Much of the world’s economic copper resources are hosted in porphyry copper deposits (PCDs), shallow level magmatic intrusions associated mostly with thick () magmatic arcs, such as mature island arcs and continental arcs. However, a well-known, but unresolved paradox, is that arc magmas traversing thick crust, particularly in continental arcs, are generally depleted in Cu whereas in island arcs, where PCDs are less common, magmas become enriched in Cu. Here, we show that the formation of PCDs requires a complex sequence of intra-crustal magmatic processes, from the lower crust to the upper crust. PCDs form when the crust becomes thick () enough to crystallize garnet. Garnet fractionation depletes Fe from the magma, which drives sulfide segregation and removal of most of the magma’s Cu into the lower crust, leaving only small amounts of Cu in the residual magma to make PCDs. However, because garnet is depleted in ferric iron, the remaining Fe in the magma becomes progressively oxidized, which eventually oxidizes sulfide to sulfate, thereby releasing sulfide bound Cu from the magma into solution. This auto-oxidation of the magma, made possible by deep-seated garnet fractionation, increases the ability of endogenic magmatic fluids to self-scavenge Cu from large volumes of otherwise Cu-poor magmas and then transport and concentrate Cu to the tops of magmatic bodies. Examination of the occurrence of PCDs in the central Andes shows that ore formation occurs when continental arcs reach their maximum thickness (), just before the termination of magmatism.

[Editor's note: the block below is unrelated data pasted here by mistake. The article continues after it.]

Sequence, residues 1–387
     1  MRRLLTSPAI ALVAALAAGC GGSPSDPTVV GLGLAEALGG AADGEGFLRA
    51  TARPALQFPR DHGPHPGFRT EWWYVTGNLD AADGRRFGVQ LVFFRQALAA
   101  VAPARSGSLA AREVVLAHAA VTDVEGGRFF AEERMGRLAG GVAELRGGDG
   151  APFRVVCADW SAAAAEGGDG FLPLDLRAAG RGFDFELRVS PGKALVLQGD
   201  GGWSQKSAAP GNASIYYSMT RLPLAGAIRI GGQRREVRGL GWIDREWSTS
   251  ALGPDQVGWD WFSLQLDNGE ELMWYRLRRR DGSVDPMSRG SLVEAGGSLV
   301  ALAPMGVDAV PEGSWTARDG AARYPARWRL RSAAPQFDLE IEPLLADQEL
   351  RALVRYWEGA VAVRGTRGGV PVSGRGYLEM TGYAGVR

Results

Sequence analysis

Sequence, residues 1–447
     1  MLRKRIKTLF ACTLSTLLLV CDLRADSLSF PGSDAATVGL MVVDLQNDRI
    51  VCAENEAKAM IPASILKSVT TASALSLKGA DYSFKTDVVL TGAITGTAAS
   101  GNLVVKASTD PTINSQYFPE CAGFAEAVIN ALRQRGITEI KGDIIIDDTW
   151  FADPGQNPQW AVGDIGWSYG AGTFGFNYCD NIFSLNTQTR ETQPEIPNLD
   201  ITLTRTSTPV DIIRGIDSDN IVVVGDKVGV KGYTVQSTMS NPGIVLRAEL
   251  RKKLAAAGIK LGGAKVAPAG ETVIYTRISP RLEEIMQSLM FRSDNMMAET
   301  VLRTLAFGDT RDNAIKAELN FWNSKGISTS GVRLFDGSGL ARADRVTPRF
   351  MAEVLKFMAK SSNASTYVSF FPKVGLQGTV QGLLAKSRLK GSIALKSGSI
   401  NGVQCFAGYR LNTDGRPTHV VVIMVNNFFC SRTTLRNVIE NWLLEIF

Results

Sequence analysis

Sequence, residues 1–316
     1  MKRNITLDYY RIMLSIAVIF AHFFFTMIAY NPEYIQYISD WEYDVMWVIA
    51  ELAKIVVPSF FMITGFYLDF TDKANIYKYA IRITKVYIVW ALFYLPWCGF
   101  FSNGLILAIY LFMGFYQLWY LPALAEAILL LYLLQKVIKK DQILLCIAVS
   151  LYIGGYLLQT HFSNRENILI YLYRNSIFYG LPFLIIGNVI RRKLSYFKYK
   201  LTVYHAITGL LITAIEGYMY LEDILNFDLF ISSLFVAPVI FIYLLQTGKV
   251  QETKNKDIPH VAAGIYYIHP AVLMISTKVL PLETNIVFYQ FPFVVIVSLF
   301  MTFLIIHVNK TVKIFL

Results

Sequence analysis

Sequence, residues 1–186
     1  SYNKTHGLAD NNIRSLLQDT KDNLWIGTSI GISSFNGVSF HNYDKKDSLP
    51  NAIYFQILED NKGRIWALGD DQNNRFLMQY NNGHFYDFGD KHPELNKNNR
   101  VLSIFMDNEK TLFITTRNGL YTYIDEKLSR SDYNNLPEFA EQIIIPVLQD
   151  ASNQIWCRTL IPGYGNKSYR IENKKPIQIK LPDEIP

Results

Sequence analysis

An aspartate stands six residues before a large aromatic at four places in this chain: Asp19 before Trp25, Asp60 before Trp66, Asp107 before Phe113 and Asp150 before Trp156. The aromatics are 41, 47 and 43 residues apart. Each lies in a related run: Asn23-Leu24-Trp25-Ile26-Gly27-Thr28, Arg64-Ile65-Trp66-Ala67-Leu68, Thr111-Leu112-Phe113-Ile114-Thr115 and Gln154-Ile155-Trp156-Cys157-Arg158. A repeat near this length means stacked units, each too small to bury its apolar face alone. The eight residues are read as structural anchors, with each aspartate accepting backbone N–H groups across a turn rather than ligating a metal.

Cin-Ty A.Lee and MingTang, Volume 529, 1 January 2020, 115868